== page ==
A new report from the Carmichael Centre highlights the exciting economic and industrial opportunities facing Australia as a result of the accelerating global transition toward electric vehicles. The report, by economist Mark Dean, provides a roadmap for policy-makers for maximizing the domestic manufacturing and innovation spin-offs associated with growing personal, commercial, and public transit use of electric vehicles.Read more
Sharing the Benefits: The Case for Shorter Hours, a new research paper by Mark Dean and Lance Worrall, makes the argument for a statutory reduction in standard working hours and the working week. It does so primarily from the viewpoint that Australia should reinstate full employment as the superordinate economic goal of national policy.
Sharing the Benefits provides an historical survey of progress made in Australia towards shorter hours over the past century and a half, and the halting of that progress around 40 years ago (about the time of the 35-hour week campaign led by Laurie Carmichael), coinciding with the implicit abandonment of a national full employment objective. It surveys the current imbalance between the two poles of exploitation in the Australian labour market – overwork and unpaid overtime, versus underemployment and perpetual insecurity. It assesses the extent of these undesirable features and how Australia compares to other nations, finding that Australia scores high in the incidence of these negative characteristics in international perspective.Read more
This report from the Carmichael Centre argues that Early Childhood Education and Care (ECEC) services should be treated as a strategic industry of national importance – not just a ‘market’, and not just a ‘cost’ item on government budgets.
Building a stronger, more accessible, and high-quality ECEC system is not just a top-ranking social priority for several reasons:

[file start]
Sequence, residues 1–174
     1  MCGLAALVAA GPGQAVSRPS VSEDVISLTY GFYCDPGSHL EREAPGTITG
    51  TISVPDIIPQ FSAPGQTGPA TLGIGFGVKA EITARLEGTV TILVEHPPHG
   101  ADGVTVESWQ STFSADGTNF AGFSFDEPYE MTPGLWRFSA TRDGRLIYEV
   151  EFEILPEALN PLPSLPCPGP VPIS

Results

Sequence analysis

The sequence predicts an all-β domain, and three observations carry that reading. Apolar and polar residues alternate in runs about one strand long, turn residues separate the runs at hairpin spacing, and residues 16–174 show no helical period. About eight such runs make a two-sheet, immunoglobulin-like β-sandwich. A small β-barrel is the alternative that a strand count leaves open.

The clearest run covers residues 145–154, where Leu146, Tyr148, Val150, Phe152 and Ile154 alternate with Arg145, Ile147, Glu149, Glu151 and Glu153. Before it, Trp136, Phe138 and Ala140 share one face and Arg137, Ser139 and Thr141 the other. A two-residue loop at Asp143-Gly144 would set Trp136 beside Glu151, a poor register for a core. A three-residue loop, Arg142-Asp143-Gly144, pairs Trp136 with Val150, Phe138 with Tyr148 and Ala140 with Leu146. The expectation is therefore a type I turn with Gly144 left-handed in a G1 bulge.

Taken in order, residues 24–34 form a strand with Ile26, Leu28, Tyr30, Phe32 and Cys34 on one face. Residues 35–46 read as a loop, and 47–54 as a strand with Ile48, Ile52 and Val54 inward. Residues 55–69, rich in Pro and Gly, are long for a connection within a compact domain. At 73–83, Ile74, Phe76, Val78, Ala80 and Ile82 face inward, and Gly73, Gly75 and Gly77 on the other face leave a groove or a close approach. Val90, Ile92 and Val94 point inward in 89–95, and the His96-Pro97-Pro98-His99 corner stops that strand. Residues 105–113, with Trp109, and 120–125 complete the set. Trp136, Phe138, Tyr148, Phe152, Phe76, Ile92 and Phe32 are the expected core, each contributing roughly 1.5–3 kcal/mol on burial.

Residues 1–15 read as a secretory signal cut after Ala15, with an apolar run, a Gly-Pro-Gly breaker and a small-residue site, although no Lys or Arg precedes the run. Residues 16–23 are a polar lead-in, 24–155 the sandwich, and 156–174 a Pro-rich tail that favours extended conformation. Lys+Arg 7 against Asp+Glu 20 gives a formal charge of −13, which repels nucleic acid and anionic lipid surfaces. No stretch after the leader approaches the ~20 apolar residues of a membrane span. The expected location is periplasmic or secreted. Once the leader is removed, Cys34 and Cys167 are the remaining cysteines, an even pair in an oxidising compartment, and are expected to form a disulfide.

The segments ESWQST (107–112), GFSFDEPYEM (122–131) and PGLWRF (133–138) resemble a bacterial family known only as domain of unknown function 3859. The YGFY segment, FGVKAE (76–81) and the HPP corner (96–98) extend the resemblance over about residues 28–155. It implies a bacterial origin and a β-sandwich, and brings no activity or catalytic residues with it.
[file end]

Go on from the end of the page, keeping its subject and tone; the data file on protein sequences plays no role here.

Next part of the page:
- The ECEC sector supports hundreds of thousands of jobs.
- It directly creates billions of dollars of value-added in the Australian economy.
- It generates further demand for other sectors – both upstream, in its own supply chain, and downstream in consumer goods and services industries that depend on the buying power of ECEC workers.
- It facilitates work and production throughout the rest of Australia’s economy, by allowing parents to work – although that goal would be much better achieved if Australia had a more comprehensive, universal, and public ECEC system.
- ECEC enhances the long-term potential of Australia’s economy, and all of society, by providing young children with high-quality education opportunities – that are proven to expand their lifetime learning, employment, and income outcomes, and enrich their families and communities.
This report illustrates how Australia can rebuild a vehicle manufacturing industry, on a sustainable ecological foundation, and meet our international environmental obligations.
The report covers several important related dimensions of the issue:
- How an EV manufacturing strategy can add value to Australia’s existing exports of primary resources – connecting them to innovative, sustainable manufacturing industries;
- Developing supply and value chain linkages to the global EV industry by increasing the capability for innovation and advanced manufacturing amongst small and medium-sized enterprises;
- The central role of Australia’s education systems in delivering sustainable industry-focused training and skills development, to provide workers with career pathways shaped by lifelong access to education and learning;
- How active government intervention can coordinate economic sectors in an innovative and strategically oriented industry policy driving sustainable economic and technological transformation; and
- Understanding the importance of automotive manufacturing to our industrial future, its role in redesigning transport systems, investing in new technology and gearing production systems to meet social and environmental requirements.